A mixed bag…


I needed a jolt of goodness today, something to lift my spirits. And here it is. One of my all-time fav pics - Ellen on her wedding day as she jettisons the church for her reception.

Today is your lucky day.

No real moralisms this past week.  I stepped down off my lofty, left-wing soapbox to simply provide updates on the typical and mundane.  I’ll get back to waxing poetic next week with full force. Next Monday’s note will be a completely new tangent the kids have never, ever before seen from me.  I’m not sure what they’ll make of what they read.  Probably ‘life goes on’ and that will be sufficient enough.  Both have seen and heard bits and pieces here and there of the topic.

What you’ll read next week has nothing to do with medical procedures or jobs or lovable dogs named Henry or sunny Southern weather or terrible-lousy-awful-shitty golf swings.

But for now, it’s back to a mixed bag of routine news.  My friend Betsy will chew on me for not being more fatherly in my advice or counsel, but it’s Monday and I ran out of energizing coffee.

———————

March 28, 2011

Ellen/Reid: See last week’s note about Butler playing the role of the little school that could.  How many brackets have Butler and VCU blown to smithereens (mine included)?  I will be on pins and needles (i.e. I won’t be able to watch) the action on Saturday night.  Call me a scaredie cat.  It’s all true.  I had Butler making it to the Sweet 16 – but no further.  And VCU?  First round losers.

Things at the doctor’s office were something of a mixed bag.  On one hand the recovery has gone smoothly; I’m all healed and ready to go.  No problems there.  But they do this crazy ultrasound of my bladder and I’m back to square one in terms of drainage.  Not sure what we’re going to do about that.  The gist is not everything is leaving me which just amazes me because I feel bone dry. Their concern is this could lead to bladder infections if the situation doesn’t improve.  They want me to try some methods to train the bladder so I am trying to practice those before they resort to other remedies.  There are no drugs or surgery options available right now, so they will give me a 90 day reprieve to see how things continue to progress and then they’ll make a judgment from there.  I feel really good in all other respects.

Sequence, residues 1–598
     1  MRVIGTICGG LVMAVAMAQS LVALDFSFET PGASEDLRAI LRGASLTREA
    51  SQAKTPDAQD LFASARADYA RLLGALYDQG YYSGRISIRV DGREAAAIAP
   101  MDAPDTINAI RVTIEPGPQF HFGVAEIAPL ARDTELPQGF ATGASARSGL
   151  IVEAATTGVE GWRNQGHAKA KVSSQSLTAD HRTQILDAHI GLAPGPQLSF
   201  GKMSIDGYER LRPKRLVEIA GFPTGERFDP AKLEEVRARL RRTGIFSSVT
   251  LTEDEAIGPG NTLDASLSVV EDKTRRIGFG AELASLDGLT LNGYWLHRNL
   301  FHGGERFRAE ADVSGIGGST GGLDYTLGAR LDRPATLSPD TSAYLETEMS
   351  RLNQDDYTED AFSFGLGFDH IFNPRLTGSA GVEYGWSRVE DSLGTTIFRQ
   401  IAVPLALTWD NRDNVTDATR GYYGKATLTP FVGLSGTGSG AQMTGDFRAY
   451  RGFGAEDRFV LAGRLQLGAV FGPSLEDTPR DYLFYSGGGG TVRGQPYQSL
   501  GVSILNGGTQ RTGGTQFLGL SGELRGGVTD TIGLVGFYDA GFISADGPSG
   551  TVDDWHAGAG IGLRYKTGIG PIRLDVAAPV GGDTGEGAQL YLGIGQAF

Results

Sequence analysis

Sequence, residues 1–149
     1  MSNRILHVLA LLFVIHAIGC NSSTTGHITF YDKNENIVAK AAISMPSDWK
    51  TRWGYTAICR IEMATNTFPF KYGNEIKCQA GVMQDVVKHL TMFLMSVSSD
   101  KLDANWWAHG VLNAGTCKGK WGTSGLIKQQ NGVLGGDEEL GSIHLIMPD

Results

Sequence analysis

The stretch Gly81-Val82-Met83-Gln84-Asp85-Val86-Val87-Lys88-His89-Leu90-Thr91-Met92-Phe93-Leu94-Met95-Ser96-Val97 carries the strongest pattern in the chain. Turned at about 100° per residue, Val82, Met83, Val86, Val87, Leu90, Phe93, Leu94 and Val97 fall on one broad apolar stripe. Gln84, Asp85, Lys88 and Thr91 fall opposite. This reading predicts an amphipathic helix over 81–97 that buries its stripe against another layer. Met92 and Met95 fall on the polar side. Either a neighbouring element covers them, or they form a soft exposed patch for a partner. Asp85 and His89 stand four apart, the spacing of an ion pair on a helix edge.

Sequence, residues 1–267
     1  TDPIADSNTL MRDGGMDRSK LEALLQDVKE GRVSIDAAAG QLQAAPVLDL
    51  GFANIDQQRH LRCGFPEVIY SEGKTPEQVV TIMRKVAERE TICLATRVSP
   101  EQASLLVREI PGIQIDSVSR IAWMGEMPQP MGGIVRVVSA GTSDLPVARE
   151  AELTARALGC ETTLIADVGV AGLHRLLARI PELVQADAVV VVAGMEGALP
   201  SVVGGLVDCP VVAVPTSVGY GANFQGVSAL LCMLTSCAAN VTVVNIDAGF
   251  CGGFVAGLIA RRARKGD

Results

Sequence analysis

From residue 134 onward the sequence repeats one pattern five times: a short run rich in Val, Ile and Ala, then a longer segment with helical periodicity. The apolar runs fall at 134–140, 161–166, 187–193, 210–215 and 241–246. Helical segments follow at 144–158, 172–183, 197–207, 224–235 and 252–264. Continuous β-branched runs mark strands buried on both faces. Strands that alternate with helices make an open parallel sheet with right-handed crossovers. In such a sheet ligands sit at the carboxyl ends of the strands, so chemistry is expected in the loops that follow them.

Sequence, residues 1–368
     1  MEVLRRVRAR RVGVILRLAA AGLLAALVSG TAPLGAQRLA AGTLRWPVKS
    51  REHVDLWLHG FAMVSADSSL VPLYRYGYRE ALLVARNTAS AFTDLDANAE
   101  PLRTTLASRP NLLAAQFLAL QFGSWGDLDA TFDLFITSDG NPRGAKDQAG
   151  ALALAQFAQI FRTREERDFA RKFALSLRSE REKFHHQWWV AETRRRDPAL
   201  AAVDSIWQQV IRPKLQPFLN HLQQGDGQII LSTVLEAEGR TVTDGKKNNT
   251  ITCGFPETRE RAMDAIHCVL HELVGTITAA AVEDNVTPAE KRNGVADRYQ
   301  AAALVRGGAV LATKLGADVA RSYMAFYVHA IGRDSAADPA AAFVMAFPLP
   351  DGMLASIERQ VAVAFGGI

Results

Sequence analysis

In fact, I played golf yesterday for the first time since February 6.  Walked 18 holes, slowly, on a cold and damp day and felt just great.  There was virtually no one else on the course so I could take my sweet time.  If nothing else it showed me how much I missed just getting out on the course.  This morning my muscles were a little fatigued but nothing like I thought they might be.  The round was a shake-down cruise in that I didn’t try to hit for the fences but instead just swing easily and enjoy the cloudy day.  There were some good shots and some forgettable shots but I had a good time.  Reid, you ought to dust off your sticks now and then.  It would be good exercise for you.

Your grandmother continues her slide.  The other day your uncle called from her room at the nursing home and put his phone to her ear.  The best part of the conversation is the first :30 seconds because that’s when she is most lucid.  There’s no real back-and-forth per se.  She says she feels fine and then in the next sentence she asks me “Is Patty dead?”  That was her sister who passed away in 1970.  Yes, mom, she is.  I think that’s when she knows that something is amiss with her.  I’m sure she feels some maddening frustration about what has occurred to her although it’s all probably just a blur.  I’ve yet to hear her ask about your grandfather; perhaps she has shoved that way down in her subconscious.  That’s okay.  She has a lot on her plate as she rides out her days.  I am so glad to be going there for Easter.  I’ve ramped up the schedule for my church newsletter to accommodate my travel.  I am very anxious to see her.

It’s good you got to see your other grandmother, Ellen, when you were in Des Moines.  No matter how things have gone down, it’s still the right thing to do.  People are who they are and there’s no sense trying to make the situation seem otherwise.  I’m not sure I would have the same degree of patience.  Life is too short to get all stirred up about things that are beyond your control.  I wish I’d of come to grips with that philosophy a little bit sooner.  Good for you, too, to pick up the china and some other items.  Your mom was anxious to get some of the stuff out of the house.

Reid, it is so good to hear you like things at Razorfish.  This sounds like a solid outfit and a very good fit for your skills and intellect.  It will be interesting to get you take on where this all fits in with the New School.  Ellen and I both think you can’t go wrong either way.  Nice to have choices.

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One response to “A mixed bag…

  1. Mort

    Dear Dave – Hopefully, after Hill and I have left Charlotte it’ll be easier for you to wax poetic. A jolt of goodness? Not quite… more like a cup of energizing coffee mixed with a huge draught of ‘at-least-I-don’t-have-to-deal-with-this-again-for-awhile.’

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